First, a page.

One of Finland's smallest lighthouses illuminates the sea by the ruins of Gustavsvärn Fortress

The fortress of Gustavsvärn, near Hanko, was built at the turn of the 18th and 19th centuries. However, its duration was short-lived after it was destroyed by the Russians in the mid-19th century. Although a fixed navigational signal light was built from the ruins of the fortress, it too was destroyed after World War II. The lighthouse, which was later established on the site, still guides seafarers in the vicinity.

The Hanko Peninsula fortifications were built on three islands

In the 18th century, an important east-west sea route passed through the Gulf of Finland. The coast was systematically fortified after the beginning of the great power struggle between Sweden and Swedish-held Finland, and Russia. The Swedes built fortresses along such military sea lanes as military hubs.

Over the centuries, the Hanko Peninsula and surrounding islands have been strategically important areas for Finland's shipping and defence. The archipelago off Hanko was a natural protection zone for a city facing towards the sea.

In 1792, the King of Sweden officially ordered the construction of the Hanko sea-fortress chain. Fortresses were built on three islands. The Gustavsvärn Fort is the best preserved of these. It was part of the same defence chain as the Suomenlinna Fortress off the coast of Helsinki and the Svartholma Fortress in Loviisa.

Blueprint drawings of the Gustavsvärn Fortress.

The Gustavsvärn Fortress was built to last

The construction of the Gustavsvärn Fortress, three kilometres southwest of Hanko, began in 1789. The fortress was mainly made of red granite, cut from the island's local rock. There are still many traces of quarrying on the island to this day.

The fortress was designed as a tiered fort based on a bastion system. However, construction ceased in the early 19th century and the fort was left incomplete. Certain structures, e.g. the artillery tower, remained unbuilt.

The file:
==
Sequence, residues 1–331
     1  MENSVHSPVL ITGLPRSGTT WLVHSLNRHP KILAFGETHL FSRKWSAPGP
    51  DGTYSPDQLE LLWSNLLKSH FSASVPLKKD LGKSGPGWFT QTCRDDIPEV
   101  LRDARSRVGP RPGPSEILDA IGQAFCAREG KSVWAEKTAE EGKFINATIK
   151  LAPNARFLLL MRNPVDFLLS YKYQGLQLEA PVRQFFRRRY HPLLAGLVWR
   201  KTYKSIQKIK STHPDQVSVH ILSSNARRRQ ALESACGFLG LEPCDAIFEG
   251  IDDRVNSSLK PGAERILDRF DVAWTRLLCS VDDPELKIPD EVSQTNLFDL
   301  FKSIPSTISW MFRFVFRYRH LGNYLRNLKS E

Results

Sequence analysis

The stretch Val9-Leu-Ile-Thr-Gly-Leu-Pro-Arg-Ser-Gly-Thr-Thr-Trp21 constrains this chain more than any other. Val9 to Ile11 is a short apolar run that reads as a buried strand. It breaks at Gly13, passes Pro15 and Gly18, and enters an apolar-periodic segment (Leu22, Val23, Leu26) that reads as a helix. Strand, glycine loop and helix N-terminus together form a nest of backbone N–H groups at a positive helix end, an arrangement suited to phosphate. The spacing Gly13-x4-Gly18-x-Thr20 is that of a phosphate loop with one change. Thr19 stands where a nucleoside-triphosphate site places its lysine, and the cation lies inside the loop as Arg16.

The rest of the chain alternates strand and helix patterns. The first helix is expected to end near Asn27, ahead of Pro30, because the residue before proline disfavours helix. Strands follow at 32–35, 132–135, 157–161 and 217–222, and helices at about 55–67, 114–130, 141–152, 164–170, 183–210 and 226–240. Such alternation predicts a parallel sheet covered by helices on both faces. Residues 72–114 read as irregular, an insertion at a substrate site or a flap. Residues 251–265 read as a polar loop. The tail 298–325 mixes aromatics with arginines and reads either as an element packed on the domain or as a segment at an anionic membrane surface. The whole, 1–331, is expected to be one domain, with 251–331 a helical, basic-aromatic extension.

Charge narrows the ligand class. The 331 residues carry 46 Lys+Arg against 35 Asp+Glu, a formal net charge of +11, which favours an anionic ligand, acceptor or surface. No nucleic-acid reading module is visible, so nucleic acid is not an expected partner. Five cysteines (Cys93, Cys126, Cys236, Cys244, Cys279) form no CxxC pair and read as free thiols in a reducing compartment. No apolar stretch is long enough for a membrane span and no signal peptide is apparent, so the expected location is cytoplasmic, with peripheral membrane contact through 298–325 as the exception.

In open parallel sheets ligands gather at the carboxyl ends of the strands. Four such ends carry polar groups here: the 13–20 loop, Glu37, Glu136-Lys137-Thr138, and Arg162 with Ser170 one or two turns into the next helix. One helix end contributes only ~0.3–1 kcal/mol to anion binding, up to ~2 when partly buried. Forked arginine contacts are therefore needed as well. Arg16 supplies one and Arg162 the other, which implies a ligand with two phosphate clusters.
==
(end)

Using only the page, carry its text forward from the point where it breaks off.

In 1809, after the Finnish War, the Hankoniemi Peninsula was handed over to the Russians, and the construction of the fortress continued. However, only three years later, the fortress was abandoned as it was considered unnecessary. In the 1850s, the fort was again taken into use as the Crimean War threatened, but its maintenance was considered to be too expensive. Consequently, the Russian High Command gave orders to blow up such fortresses to keep them out of enemy hands and Gustavsvärn Fortress was destroyed in 1854.

Gustavsvärn Fortress defending against an invasion by a section of the British naval fleet during the Crimean War on the 10th May 1854. Original image by Wladimir Swertschkoff.

A lighthouse rose from the fortress ruins

In 1870, a fixed navigation signal light was built inside the ruins of the fortress. It was maintained by two lighthouse guards. In addition, a foghorn siren and a siren attendant's residence were built on the island in 1900. This house is the only building remaining on the island to this day. Before World War II the island was deserted, and the lighthouse and other residential buildings were destroyed in the post-war period. The foundations of these buildings serve as a memory of their presence.

Nevertheless, the island was not without navigational lights for long because a new 11-metre-high reinforced concrete fixed beacon was built there in 1951. As one of the smallest lighthouses in Finland, it still dominates the island landscape here.

A small but interesting travel destination

The Finnish Lighthouse Society (Fin. Suomen Majakkaseura) has rented the fog siren attendant’s house on the island from Metsähallitus. This society is renovating and restoring the building to its original appearance. Throughout many centuries, rock engravings have also been made on the island.

The entire shoreline of the island is steeply sloped and with the exception of the pier, it is almost impossible for small boats to moor here. The deep basins around the island are popular with divers, as these hold many submerged wrecks. These can be explored further in the Cultural environment service window. 

Read more:

Gustavsvärn in

The Finnish Lighthouse Society

The collapsed exterior walls of Gustavsvärn Fortress.

Why and how is this location protected?

The island as a whole is considered an ancient monument and is protected by the Antiquities Act. The island has been an important part of our defence history since the 18th century. Read about Gustavsvärn in the Antiquities Register (in finnish).

The area has also been defined as a nationally significant built cultural environment, which is a part of the other military history sites in the Hankoniemi Peninsula. Check out these sites on the Finnish Heritage Agency's website.

In addition, the island is part of the Tulliniemi bird sanctuary.


The city of Hanko arranges boat transport to the island. You can also moor your own boat to the island's jetty. Visiting the island is done at your own risk. 

More about the island cruises in Hanko tourism pages! 

Finnish Heritage Agency’s mapservice

N: 6636197, E: 272450 (ETRS-TM35FIN)